Last year at this time, Kendall Livingston felt like a failure. The Chicago high school senior applied to seven colleges and, despite her stellar academic record and test scores, didn't get accepted at any of them.
Suddenly, her carefully orchestrated future imploded. Livingston had no idea what to do next and considered taking the year off.
Instead, at the urging of her counselor, Livingston hastily applied to a small liberal arts college that she never heard of before - in Scotland, no less - and today she is thriving.
"People need to know that there is life after rejection," she said. "Looking back now, I know for a fact I would never have been nearly as happy in any other school besides St. Andrews."
With acceptance letters from highly selective colleges hitting mailboxes at this time of the year, many applicants will face heartbreak, disillusionment and self-doubt. The fact that admission rates at top-tier schools are at record lows will be of little comfort.
But there are also more than 2,000 four-year colleges in the United States, and a hard-working student can find success at any number of them, say experts.
"The selection process is just so arbitrary," said Laura Docherty, Livingston's high school counselor. "It's really like gambling."
It's not about merit, but math, say experts. The number of students who applied to seven or more schools has risen steadily during the last 20 years, reaching 25 percent in 2010. In 2000, the number was 13 percent. In 1991, it was 8 percent, according to the National Association for College Admissions Counseling.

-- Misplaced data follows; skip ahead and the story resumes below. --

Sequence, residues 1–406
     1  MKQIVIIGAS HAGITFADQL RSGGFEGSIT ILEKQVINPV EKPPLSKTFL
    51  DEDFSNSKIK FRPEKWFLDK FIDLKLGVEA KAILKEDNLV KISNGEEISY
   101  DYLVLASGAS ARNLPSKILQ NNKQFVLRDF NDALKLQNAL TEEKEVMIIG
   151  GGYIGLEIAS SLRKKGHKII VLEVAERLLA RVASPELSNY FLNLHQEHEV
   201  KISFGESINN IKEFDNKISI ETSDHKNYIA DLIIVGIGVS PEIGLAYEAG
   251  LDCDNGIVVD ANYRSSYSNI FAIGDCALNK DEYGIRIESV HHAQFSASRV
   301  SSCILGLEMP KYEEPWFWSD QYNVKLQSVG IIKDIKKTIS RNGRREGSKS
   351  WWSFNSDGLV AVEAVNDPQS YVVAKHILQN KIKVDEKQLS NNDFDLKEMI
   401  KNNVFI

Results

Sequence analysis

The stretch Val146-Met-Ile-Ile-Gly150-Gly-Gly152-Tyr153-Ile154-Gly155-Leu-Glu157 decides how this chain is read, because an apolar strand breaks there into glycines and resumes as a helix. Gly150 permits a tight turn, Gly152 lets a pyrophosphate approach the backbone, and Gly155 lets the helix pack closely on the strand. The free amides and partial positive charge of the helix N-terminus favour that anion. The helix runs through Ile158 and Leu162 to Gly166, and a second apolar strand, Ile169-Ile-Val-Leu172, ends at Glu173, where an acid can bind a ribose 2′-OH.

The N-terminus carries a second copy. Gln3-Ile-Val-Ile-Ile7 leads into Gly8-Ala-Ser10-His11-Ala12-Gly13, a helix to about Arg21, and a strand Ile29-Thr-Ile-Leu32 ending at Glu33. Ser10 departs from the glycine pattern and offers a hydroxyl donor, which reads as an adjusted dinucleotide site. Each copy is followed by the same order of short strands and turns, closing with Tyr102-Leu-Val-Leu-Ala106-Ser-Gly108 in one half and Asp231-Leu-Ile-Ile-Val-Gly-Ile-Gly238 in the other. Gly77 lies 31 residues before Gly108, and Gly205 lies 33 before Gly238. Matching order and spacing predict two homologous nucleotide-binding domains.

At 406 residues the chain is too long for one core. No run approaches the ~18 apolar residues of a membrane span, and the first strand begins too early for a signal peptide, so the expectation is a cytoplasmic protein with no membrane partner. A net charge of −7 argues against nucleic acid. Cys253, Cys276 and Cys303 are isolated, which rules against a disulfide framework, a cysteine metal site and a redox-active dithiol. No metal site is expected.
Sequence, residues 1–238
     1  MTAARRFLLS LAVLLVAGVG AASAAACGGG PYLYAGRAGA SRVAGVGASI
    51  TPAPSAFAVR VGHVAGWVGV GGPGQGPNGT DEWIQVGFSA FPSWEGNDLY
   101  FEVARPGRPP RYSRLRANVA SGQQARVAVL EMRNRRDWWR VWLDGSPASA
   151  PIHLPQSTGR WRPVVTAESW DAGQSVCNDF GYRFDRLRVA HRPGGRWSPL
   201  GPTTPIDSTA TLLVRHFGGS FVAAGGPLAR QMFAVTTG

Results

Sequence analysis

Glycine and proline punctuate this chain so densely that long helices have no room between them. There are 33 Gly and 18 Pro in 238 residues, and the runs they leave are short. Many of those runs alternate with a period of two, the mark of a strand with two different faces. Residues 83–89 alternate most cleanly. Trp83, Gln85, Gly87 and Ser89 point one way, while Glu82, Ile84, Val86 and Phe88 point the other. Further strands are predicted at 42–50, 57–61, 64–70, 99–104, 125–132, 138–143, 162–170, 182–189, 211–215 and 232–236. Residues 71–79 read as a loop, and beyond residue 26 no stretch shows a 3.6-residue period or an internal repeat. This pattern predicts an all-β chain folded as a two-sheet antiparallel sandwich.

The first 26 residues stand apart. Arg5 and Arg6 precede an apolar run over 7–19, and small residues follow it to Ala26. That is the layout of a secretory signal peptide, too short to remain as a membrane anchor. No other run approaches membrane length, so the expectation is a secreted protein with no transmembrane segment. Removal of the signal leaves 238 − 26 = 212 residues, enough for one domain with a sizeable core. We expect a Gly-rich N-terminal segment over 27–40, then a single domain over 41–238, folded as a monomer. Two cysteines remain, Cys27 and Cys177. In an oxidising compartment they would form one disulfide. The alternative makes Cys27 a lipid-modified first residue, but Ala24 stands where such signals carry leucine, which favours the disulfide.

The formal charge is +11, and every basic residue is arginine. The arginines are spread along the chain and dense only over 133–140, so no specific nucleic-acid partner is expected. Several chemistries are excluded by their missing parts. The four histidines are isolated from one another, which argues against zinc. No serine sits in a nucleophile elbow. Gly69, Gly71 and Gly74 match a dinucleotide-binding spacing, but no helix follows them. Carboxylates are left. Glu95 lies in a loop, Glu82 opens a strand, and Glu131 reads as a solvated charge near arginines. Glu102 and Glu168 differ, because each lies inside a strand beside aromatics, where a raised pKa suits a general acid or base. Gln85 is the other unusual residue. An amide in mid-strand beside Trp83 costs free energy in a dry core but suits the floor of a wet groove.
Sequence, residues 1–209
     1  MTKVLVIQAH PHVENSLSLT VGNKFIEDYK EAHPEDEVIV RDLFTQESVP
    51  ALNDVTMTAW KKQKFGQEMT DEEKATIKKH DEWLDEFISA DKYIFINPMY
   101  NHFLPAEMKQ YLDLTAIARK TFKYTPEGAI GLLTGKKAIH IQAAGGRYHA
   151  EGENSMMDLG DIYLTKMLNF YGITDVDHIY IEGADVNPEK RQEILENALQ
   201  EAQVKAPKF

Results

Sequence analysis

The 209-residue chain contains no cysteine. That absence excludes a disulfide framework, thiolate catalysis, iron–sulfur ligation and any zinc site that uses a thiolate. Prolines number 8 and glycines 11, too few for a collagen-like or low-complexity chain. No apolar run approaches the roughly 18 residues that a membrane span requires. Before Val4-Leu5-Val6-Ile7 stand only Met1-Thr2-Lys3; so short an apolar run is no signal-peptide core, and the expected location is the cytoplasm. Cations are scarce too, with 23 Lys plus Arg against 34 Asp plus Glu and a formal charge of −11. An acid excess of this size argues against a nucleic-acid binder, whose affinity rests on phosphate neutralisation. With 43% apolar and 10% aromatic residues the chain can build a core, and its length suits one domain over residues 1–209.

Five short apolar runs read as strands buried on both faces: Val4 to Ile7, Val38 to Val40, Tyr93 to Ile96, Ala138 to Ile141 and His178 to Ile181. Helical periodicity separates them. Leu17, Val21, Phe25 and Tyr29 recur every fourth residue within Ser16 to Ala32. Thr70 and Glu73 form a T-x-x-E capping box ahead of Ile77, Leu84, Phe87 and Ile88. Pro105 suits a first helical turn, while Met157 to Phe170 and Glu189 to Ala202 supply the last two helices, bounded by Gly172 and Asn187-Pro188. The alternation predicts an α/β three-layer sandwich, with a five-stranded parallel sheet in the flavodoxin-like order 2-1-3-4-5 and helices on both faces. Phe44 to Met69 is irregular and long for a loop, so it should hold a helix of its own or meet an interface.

It's not just the larger applicant pool - it's also that more seniors are vying for slots at the same 25 to 30 schools due to relentless marketing and the ease of online applications.
Other drivers include the popularity of early admissions along with a spike in applications from international students.
Livingston, together with Docherty, knew that her student was a strong candidate. Together, they ignored brand names and went back to her original list of interests, which included studying abroad. Docherty reached out to the admissions office at St. Andrews, a liberal arts college founded in the early 1400s, to test the waters.
"The last thing I wanted to do was set her up for more rejection."
St. Andrews immediately gave her a "yes," and now the freshman can't imagine being anywhere else. "I live in a castle. How couldn't I love it?" Livingston said.
She ticks off the pluses: Tutorials with an instructor and a small group of students for really delving into material presented at large lectures, classmates who come from all over the world and using school breaks to travel.
The wisdom she gleaned from her experience was to not allow a rejection letter to define you.
"The key to surviving the process is to keep a positive attitude and not give up, be open to other alternatives and to remember that, if worse comes to worst, transferring as a second year is always an option."
Many counselors recommend casting a wide net and applying to eight or so schools.
The due diligence includes paying attention to a school's strategic goals, which can change from year to year, but also open new doors.
For example, Stanford just launched a music school, while Yale has unveiled a Center for Engineering Innovation and Design - a discipline not usually associated with the New Haven, Conn., campus.
Success is about a fit. "This is not a prize to be won, but a match to be made," said Patrick Tassoni, a sentiment frequently repeated by other Chicago area counselors.
Didn't get into your dream school? Consider that an opportunity.